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Jason Padgett turns into math genius after head injury

The college dropout started to see the world in a new way after being hit in the head during a mugging

Jason Padgett doesn't have a PhD, or a Masters degree. In fact, he dropped out of college and works at a futon store, but he is a mathematical genius and has been since being brutally attacked and kicked in the head by muggers a decade ago.

The 41-year-old from Tacoma, Washington used to mostly be interested in working out and partying when muggers beat him outside a karaoke club for his $99 leather jacket. Now he sees complex formulas everywhere and turns them into diagrams.

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"All I saw was a bright flash of light and the next thing I knew I was on my knees on the ground and I thought, 'I'm going to get killed," he told ABC.

Doctors initially thought it was a concussion, but then Padgett started becoming obsessed with drawing intricate diagrams. He couldn't draw before and at first had no idea what the diagrams were of.

The diagrams turned out to be fractals, small portions of a visual representation for Pi that are similar to the whole image. Everywhere he looks, he sees formulas such as the Pythagorean Theorem.

Because of the damage, his brain is forced to overcompensate in areas most people can't access.

"Savant syndrome is the development of a particular skill, that can be mathematical, spatial, or autistic, that develop to an extreme degree that sort of makes a person super human," said Berit Brogaard, a neuroscientist and philosophy professor at the Center of Neurodynamics at the University of Missouri-St. Louis, to ABC.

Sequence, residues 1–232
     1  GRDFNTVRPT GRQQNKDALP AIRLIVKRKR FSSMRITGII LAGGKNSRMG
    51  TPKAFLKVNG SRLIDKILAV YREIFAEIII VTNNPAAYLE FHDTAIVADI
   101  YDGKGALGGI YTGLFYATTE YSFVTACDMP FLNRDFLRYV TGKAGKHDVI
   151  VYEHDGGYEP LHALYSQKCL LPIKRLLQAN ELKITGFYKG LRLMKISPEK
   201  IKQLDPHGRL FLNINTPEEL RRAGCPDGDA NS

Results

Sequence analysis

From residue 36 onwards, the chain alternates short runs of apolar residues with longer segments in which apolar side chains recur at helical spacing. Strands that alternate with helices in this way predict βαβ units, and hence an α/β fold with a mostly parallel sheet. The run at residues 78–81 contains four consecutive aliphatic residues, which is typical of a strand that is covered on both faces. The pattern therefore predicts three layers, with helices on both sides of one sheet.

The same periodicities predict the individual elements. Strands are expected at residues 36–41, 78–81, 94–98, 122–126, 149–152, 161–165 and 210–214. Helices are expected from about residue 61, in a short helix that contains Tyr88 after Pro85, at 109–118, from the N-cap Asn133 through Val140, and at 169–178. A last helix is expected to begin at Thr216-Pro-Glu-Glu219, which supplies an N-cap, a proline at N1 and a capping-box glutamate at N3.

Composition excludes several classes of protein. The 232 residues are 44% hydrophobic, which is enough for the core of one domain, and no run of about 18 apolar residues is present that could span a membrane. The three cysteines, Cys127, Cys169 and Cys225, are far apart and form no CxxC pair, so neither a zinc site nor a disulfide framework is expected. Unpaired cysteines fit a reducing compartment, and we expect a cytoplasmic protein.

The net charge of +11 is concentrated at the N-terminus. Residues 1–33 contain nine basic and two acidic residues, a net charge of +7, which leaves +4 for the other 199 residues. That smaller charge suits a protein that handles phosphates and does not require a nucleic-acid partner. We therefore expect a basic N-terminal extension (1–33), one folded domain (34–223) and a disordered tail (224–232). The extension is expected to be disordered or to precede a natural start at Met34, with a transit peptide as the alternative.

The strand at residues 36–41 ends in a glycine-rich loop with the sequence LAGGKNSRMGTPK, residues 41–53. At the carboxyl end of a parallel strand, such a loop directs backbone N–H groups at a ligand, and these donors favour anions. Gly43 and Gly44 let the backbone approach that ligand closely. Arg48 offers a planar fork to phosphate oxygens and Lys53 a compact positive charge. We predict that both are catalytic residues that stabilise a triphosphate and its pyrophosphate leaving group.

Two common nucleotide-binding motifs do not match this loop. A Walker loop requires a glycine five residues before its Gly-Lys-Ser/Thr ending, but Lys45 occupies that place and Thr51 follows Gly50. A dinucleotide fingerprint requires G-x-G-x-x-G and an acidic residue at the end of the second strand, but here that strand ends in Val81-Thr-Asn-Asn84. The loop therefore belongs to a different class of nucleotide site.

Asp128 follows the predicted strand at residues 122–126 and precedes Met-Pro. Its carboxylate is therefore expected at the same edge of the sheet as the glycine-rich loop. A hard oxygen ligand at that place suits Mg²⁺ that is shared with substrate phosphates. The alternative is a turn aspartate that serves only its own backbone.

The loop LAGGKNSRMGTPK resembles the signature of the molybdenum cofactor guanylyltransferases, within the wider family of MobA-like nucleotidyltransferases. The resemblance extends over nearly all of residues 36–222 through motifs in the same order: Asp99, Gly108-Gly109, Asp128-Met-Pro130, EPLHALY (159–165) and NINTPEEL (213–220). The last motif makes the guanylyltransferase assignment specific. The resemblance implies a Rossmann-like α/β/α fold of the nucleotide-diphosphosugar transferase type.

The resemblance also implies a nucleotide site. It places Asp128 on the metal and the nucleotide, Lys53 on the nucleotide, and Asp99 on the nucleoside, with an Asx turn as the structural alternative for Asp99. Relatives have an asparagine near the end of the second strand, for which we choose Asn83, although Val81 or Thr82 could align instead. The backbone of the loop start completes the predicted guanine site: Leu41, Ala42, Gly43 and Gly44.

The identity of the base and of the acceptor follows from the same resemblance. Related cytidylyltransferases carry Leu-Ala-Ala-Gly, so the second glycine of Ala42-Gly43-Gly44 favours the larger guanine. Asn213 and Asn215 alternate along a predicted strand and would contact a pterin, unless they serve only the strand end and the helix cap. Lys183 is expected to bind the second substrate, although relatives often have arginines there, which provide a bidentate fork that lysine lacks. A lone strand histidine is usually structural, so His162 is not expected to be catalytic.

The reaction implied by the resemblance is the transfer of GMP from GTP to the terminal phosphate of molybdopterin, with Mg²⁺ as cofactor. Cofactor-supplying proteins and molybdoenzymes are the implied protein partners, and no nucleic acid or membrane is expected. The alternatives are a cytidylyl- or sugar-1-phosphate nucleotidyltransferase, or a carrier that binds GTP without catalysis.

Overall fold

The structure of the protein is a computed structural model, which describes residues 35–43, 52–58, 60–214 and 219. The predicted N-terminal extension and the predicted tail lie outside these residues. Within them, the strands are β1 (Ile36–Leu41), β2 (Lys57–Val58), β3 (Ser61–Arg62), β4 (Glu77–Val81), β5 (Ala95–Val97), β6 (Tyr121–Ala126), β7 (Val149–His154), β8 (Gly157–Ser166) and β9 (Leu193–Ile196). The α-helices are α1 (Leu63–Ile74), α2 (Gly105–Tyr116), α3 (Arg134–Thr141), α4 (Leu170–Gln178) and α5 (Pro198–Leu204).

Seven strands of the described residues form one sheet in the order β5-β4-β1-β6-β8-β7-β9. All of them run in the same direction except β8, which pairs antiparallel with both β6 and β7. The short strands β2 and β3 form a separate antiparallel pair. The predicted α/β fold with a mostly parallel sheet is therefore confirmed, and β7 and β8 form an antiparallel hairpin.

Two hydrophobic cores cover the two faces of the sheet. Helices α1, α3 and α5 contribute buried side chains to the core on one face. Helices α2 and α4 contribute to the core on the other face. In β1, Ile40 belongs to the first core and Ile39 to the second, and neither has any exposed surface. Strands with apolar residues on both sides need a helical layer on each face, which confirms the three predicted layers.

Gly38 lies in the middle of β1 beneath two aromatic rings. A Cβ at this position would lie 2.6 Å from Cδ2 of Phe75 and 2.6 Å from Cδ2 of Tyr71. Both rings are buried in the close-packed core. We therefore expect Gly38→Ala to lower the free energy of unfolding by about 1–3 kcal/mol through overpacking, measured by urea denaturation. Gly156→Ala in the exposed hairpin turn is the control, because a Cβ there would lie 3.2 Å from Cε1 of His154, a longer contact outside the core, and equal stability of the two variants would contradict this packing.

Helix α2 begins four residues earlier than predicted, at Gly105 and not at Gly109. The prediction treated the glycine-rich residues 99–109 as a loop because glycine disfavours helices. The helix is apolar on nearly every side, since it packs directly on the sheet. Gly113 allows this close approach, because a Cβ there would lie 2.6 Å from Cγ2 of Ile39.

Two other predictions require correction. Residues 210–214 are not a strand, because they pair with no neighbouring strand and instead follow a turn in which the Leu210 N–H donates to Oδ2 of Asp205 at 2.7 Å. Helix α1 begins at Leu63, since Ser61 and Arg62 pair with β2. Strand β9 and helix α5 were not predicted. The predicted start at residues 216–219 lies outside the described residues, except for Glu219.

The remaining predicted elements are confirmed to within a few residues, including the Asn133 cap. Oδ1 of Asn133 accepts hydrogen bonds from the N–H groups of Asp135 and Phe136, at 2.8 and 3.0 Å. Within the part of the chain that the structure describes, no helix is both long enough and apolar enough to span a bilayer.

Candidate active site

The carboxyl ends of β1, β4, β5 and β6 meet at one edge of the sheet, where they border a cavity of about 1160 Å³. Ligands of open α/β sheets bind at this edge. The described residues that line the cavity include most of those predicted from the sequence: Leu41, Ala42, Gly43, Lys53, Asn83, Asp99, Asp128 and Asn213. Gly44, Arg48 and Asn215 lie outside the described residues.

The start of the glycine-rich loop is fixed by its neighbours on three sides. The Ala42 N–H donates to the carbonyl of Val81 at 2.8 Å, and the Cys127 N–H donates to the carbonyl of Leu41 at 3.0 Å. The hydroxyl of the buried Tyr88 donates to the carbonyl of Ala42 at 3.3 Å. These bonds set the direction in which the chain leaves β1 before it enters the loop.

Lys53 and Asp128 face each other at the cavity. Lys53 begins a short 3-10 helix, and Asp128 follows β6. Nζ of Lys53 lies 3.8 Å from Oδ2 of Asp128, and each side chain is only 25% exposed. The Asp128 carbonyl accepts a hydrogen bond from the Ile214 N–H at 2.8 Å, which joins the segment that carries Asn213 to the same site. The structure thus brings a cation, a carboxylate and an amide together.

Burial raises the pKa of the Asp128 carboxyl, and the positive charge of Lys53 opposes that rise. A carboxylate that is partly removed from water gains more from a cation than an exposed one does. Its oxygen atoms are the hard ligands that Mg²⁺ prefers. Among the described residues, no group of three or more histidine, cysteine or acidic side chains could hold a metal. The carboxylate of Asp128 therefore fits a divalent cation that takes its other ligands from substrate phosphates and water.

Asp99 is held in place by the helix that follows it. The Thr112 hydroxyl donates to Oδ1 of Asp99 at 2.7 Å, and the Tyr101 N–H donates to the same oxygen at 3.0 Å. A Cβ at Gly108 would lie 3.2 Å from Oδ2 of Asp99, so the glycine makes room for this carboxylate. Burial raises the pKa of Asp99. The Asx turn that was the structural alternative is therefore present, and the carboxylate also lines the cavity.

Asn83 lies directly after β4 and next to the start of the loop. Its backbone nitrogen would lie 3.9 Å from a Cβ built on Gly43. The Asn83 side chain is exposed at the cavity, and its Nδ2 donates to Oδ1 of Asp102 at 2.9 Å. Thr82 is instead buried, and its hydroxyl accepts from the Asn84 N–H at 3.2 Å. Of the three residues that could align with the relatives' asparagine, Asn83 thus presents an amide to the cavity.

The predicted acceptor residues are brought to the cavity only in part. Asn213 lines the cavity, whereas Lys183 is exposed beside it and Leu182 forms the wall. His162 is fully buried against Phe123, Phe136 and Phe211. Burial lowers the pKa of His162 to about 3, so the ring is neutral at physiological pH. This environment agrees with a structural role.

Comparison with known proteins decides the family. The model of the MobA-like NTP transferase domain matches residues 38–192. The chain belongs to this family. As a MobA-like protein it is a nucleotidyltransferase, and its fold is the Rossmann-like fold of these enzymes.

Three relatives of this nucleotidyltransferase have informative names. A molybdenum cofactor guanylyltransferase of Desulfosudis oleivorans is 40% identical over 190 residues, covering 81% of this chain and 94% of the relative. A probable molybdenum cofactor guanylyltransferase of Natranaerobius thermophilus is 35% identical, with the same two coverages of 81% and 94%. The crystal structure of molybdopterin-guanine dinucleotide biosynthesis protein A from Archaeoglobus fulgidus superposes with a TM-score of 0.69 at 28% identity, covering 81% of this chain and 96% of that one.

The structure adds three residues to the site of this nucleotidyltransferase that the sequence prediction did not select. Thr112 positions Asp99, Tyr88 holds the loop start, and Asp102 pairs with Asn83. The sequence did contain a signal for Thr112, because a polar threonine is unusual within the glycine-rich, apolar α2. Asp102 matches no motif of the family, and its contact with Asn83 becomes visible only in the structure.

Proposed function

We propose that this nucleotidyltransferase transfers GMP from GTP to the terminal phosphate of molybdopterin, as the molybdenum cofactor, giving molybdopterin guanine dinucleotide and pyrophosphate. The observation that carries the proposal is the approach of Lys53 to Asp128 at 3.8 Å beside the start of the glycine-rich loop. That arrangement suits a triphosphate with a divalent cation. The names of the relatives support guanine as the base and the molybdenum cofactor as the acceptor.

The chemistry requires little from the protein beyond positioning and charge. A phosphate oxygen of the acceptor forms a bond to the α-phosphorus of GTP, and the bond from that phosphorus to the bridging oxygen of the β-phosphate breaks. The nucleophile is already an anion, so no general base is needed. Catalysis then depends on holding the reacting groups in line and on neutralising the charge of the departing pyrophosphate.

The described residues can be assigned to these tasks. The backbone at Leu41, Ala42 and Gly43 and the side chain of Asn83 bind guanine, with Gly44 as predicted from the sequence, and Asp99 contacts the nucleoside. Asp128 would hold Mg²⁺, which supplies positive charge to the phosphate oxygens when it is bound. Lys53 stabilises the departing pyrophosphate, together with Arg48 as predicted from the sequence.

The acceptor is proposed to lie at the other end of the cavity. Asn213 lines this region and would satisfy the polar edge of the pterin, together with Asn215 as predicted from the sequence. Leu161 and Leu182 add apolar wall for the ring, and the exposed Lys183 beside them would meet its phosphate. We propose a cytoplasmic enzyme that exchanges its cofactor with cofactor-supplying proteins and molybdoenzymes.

Because of how he sees math and objects, Padgett can be compared to John Nash, who was played by Russell Crow in "A Beautiful Mind."

Other famous savants have also been known to have brain damage. Kim Peek, who was the inspiration for Dustin Hoffman's character in the movie Rain Man, was born with severe brain damage. While he struggles with ordinary motor skills such as buttoning his shirt, he can remember everything on a page even though he reads two at once. His left eye reads the left page and his right eye reads the right page and he reads both of them in about three seconds.

Leslie Lemke was born with severe birth defects and while he didn't learn to walk until age 15, he could flawlessly play any kind of music on piano after hearing it just once.

Like Padgett, Orlando Serrell became a savant after suffering a head injury. He was struck by a baseball on the left side of the head when he was 10. For a while after the accident he had headaches, but when they went away he could perform complex calendar calculations and remember the weather every day from the day of the accident.

As for Padgett, he is hoping to start teaching others how beautiful math can be.

"Sometimes I would really like to turn it off, and it won't," he told ABC when asked if he thought his talent was a burden. "But the good far outweigh the bad. I would not give it up for anything."

See some of Padgett's fractal drawings on Facebook.